Reality TV

August 27, 2010 • Volume 20, Issue 29
Is it harmless entertainment or a cultural threat?
By Maryann Haggerty


Nicole “Snooki” (Getty Images/Jason Merritt)
Nicole “Snooki” Polizzi and other “Jersey Shore” cast members have amused and outraged millions of MTV viewers with their antics. The show's second season debut drew 5.3 million viewers and was the highest-rated cable broadcast of 2010 among young viewers. (Getty Images/Jason Merritt)

In the blink of an eye, it seems, reality television has become a certifiable global pop-culture phenomenon. Critics generally dismiss it as a crude form of entertainment that appeals to the lowest common denominator, but reality television's high ratings and ability to create pop culture icons (and its low production costs) are undeniable. While “unscripted” reality television shows have replaced many scripted shows, the genre has been tarnished by accusations of racism and stereotyping. Questions have also been raised about reality television's social value — or lack thereof — and its ability to distort young viewers' perception of life. The genre has also been rocked by real-life scandals that mirror the wild antics the shows encourage to boost viewership. While reality TV has repeatedly been called a superficial cultural fad, it continues to grow, leaving many television writers and cultural commentators worried about its impact on mainstream TV entertainment.

ISSUE TRACKER for Related Reports
Feb. 19, 2021  Hollywood and COVID-19
Apr. 11, 2014  Future of TV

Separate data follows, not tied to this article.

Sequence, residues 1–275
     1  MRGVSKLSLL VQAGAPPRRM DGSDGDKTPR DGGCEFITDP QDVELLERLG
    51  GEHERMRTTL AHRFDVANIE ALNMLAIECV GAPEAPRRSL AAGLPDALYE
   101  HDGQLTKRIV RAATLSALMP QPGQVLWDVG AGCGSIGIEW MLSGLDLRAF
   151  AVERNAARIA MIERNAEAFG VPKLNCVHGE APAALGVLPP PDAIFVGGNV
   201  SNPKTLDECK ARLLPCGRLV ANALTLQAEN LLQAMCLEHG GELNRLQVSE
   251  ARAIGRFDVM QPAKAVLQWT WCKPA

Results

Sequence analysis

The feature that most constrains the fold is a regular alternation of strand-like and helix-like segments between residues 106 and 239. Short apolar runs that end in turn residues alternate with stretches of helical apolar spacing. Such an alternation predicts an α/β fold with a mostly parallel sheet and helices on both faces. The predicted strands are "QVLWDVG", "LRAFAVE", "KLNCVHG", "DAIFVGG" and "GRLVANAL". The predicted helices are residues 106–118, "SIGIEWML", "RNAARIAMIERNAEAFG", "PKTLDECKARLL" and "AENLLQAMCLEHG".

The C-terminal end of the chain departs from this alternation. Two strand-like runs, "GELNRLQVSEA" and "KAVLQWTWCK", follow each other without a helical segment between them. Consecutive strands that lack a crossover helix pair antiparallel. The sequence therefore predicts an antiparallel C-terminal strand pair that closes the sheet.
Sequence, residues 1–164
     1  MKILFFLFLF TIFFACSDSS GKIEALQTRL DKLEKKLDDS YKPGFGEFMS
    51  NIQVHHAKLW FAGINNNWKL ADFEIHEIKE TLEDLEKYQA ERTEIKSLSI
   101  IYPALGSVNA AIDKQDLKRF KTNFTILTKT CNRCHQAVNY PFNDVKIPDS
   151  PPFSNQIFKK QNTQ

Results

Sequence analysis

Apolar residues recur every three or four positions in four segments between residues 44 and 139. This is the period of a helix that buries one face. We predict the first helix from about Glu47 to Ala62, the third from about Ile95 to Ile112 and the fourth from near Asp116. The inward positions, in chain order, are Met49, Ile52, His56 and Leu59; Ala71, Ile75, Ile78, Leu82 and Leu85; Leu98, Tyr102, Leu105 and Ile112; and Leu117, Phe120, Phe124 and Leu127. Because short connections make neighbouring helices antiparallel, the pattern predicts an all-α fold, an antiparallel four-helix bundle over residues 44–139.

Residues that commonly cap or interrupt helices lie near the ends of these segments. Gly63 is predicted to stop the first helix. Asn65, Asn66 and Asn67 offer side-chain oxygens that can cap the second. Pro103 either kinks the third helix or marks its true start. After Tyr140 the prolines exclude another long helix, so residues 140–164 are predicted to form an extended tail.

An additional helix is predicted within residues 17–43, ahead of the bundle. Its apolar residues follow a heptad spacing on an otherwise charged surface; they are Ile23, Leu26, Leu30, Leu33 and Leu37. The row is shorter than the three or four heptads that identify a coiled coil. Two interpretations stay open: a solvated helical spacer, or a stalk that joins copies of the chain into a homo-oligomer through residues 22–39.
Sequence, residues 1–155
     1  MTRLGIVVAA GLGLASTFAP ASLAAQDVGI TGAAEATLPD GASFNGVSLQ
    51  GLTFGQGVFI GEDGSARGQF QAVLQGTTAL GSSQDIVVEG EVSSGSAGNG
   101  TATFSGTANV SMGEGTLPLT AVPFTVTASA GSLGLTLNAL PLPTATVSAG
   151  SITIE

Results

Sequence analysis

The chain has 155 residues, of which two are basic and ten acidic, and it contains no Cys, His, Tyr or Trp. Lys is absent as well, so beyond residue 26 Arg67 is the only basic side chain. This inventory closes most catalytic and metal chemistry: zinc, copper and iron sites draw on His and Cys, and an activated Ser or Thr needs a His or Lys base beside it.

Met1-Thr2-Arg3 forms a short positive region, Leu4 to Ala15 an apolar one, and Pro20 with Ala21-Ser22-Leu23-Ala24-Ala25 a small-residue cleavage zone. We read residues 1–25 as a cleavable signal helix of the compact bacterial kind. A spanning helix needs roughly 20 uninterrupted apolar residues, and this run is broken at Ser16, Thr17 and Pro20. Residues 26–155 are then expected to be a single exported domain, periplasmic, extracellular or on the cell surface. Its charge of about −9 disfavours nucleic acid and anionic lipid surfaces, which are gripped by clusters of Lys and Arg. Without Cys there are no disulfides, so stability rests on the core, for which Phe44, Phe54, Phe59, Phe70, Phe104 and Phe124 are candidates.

Nov. 09, 2012  Indecency on Television
Aug. 27, 2010  Reality TV
Jun. 20, 2008  Transition to Digital TV
Feb. 16, 2007  Television's Future
Mar. 18, 2005  Celebrity Culture
Oct. 29, 1999  Public Broadcasting
Aug. 15, 1997  Children's Television
Dec. 23, 1994  The Future of Television
Mar. 26, 1993  TV Violence
Sep. 18, 1992  Public Broadcasting
Oct. 04, 1991  Pay-Per-View
Feb. 17, 1989  A High-Tech, High-Stakes HDTV Gamble
Dec. 27, 1985  Cable Television Coming of Age
Sep. 07, 1984  New Era in TV Sports
Sep. 24, 1982  Cable TV's Future
Apr. 24, 1981  Public Broadcasting's Uncertain Future
May 09, 1980  Television in the Eighties
Oct. 25, 1972  Public Broadcasting in Britain and America
Mar. 26, 1971  Video Revolution: Cassettes and Recorders
Sep. 09, 1970  Cable Television: The Coming Medium
May 15, 1968  Television and Politics
Mar. 01, 1967  Financing of Educational TV
Dec. 16, 1964  Community Antenna Television
Oct. 21, 1964  Sports on Television
Feb. 28, 1962  Expansion of Educational Television
Aug. 28, 1957  Television in the Schools
Jan. 18, 1957  Movie-TV Competition
Sep. 06, 1955  Television and the 1956 Campaign
May 18, 1954  Educational Television
Sep. 03, 1953  Changing Fortunes of the Movie Business
Apr. 20, 1953  Televising Congress
May 31, 1951  Television in Education
Jan. 26, 1949  Television Boom
Jul. 12, 1944  Television
Radio and Television